So lets add in another 100nF capacitor in parallel across the one we put in last time. Taking the total up to 200nF. Yes the noise is reduced much further and we could probably work with that at a push. But look at the state of the rising edges. As we increase the capacitance we increase the loss of definition of the rising edge and consequently our ability to correctly resolve the direction of the encoder. The faster the encoder is turned the more problematic this becomes as the curve remains the same width but the width of the pulse we are relying on has become narrower. We could have kept the capacitance value the same but increased the resistance to say 20K and we would get exactly the same result. The RC network that is cleaning up our signal has a time constant that is proportional to the ratio of the resistance and capacitance that makes up the circuit. It is this time constant that is low pass filtering the pulses and giving us the effects we can see on the scope. Bearing this in mind if we check out the Atmel AVR data sheet, as this is the most popular micro-controller in the Arduino series, we see that the internal pull-ups have a value of between 20K and 50K. So a massive variation in the pull-up value and consequently a massive variation in the de-bounce action and on our pulse edges is produced by this, hence why de-bounce circuits that use the internal pull ups are to be avoided. We need results that are consistent.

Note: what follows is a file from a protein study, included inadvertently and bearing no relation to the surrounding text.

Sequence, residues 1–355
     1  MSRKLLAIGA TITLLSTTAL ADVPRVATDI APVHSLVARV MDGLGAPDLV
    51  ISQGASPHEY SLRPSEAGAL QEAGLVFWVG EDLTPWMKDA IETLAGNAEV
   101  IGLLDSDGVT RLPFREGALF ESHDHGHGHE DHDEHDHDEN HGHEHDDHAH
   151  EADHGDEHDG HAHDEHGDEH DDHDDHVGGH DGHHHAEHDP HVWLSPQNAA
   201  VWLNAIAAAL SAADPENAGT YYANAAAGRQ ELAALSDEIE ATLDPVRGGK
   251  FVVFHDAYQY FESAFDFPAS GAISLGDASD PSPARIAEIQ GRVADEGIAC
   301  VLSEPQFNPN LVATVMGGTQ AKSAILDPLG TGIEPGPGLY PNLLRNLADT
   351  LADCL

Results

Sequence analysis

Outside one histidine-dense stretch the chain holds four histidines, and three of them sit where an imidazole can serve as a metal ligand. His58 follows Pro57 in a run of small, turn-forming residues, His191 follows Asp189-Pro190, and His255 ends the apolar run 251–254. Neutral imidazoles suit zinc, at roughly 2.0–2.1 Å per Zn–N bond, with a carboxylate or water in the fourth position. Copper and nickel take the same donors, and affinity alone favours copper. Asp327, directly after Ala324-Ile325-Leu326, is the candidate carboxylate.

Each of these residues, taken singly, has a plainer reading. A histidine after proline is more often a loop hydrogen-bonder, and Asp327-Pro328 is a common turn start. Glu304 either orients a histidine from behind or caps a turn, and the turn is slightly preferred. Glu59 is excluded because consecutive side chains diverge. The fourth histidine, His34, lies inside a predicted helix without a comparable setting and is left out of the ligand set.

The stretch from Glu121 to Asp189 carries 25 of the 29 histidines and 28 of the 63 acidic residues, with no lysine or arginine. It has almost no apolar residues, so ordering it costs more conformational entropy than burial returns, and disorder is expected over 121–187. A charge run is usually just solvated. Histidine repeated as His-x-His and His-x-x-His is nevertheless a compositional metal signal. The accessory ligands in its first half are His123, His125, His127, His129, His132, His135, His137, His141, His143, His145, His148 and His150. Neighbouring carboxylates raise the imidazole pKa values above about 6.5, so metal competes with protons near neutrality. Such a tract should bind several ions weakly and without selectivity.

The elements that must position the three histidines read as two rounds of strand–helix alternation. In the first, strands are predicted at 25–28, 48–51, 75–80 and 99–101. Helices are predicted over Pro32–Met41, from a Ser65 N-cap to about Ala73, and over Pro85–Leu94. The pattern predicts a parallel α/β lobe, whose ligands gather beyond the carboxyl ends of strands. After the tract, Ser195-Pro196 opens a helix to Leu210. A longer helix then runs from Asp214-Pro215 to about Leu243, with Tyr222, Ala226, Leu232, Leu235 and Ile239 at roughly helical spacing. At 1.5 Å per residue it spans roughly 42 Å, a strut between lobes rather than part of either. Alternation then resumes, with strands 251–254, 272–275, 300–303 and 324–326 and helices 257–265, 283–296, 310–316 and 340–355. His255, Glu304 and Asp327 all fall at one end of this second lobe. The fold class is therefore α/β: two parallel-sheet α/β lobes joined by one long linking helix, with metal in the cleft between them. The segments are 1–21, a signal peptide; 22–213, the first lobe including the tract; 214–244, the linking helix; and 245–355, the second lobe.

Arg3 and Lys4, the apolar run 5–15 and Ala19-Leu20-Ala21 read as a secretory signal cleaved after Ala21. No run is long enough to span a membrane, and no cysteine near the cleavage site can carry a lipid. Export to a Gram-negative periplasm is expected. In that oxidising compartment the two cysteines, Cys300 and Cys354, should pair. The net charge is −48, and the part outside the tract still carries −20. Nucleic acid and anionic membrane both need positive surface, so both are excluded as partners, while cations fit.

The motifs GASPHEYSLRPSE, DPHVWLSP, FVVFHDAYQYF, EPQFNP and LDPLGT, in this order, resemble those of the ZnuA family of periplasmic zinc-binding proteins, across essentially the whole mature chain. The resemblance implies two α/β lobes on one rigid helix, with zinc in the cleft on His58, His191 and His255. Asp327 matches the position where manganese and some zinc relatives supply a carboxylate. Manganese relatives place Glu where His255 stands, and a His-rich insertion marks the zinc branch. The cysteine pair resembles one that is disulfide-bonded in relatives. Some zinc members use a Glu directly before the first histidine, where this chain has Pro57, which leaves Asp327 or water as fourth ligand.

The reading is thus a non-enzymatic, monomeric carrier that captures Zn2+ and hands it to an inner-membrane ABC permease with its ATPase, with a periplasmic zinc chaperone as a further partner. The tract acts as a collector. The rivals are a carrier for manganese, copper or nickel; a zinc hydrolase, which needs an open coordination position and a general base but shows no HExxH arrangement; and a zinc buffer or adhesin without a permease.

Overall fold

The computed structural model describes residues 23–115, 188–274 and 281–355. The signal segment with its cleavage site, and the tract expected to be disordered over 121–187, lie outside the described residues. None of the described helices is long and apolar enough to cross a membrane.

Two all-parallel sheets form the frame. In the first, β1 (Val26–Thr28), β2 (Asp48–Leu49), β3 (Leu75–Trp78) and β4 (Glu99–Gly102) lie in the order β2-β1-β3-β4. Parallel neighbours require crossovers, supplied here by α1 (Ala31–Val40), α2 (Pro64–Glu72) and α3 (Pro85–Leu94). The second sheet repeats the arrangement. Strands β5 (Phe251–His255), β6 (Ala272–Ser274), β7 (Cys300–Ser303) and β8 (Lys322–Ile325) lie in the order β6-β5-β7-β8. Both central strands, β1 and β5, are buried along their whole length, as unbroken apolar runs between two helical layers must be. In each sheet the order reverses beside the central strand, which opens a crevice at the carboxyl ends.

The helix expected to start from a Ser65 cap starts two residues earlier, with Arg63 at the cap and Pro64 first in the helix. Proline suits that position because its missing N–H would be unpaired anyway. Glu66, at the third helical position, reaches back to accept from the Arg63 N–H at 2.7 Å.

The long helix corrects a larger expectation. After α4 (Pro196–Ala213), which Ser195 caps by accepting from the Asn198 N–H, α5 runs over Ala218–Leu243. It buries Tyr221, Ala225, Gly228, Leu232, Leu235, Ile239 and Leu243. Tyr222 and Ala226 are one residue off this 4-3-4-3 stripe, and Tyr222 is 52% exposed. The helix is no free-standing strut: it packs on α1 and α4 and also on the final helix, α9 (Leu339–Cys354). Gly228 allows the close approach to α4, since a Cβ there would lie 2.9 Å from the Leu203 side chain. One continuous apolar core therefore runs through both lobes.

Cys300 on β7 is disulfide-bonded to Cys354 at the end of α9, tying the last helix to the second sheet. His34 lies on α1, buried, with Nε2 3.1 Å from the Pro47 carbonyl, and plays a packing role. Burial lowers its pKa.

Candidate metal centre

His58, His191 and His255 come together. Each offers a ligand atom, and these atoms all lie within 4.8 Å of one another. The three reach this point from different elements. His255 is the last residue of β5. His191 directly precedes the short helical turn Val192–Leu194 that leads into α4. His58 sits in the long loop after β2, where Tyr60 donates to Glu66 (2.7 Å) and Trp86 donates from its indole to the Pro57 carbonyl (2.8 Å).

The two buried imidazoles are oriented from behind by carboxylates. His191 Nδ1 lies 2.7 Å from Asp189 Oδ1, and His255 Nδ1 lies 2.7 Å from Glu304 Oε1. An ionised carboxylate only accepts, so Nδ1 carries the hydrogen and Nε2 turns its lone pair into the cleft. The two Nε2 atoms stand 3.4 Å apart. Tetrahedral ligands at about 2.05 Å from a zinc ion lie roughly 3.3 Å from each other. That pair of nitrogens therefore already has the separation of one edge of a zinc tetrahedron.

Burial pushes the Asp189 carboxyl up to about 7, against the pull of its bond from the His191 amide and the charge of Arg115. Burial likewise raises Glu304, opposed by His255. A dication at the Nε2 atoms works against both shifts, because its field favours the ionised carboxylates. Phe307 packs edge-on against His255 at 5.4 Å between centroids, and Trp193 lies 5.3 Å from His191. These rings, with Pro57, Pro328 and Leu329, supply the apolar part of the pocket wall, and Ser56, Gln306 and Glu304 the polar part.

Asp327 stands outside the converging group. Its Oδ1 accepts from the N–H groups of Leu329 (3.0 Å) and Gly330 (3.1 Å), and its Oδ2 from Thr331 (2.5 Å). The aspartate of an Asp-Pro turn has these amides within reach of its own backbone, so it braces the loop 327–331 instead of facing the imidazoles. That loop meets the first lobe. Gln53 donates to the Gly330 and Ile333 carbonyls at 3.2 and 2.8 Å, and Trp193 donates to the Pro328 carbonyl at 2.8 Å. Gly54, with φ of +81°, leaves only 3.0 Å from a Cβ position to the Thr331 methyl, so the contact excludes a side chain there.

For a simple press button a simple RC network as shown in the above works great as it is a very slow logic signal, but what can we do to recover nice square edges on our fast, encoder signal pulses, and get rid of the noise pulses. The answer is to use a Schmitt Trigger which increases the level at which a rising edge will be consider to have switched from low to high and reduces the level at which a falling edge will have switched from high to low. This circuit will ignore the noise pulses that we have reduced in height leaving us with a clean pulse train and nice square edges from our encoder. Check out the linked wikipedia article, ignore the over complicated mathy explanations and control theory waffle look closely at the wave form diagrams at the top right of their page. What is more this circuit is so useful that it comes already built in to a number of inexpensive logic gates. You don’t need to make one.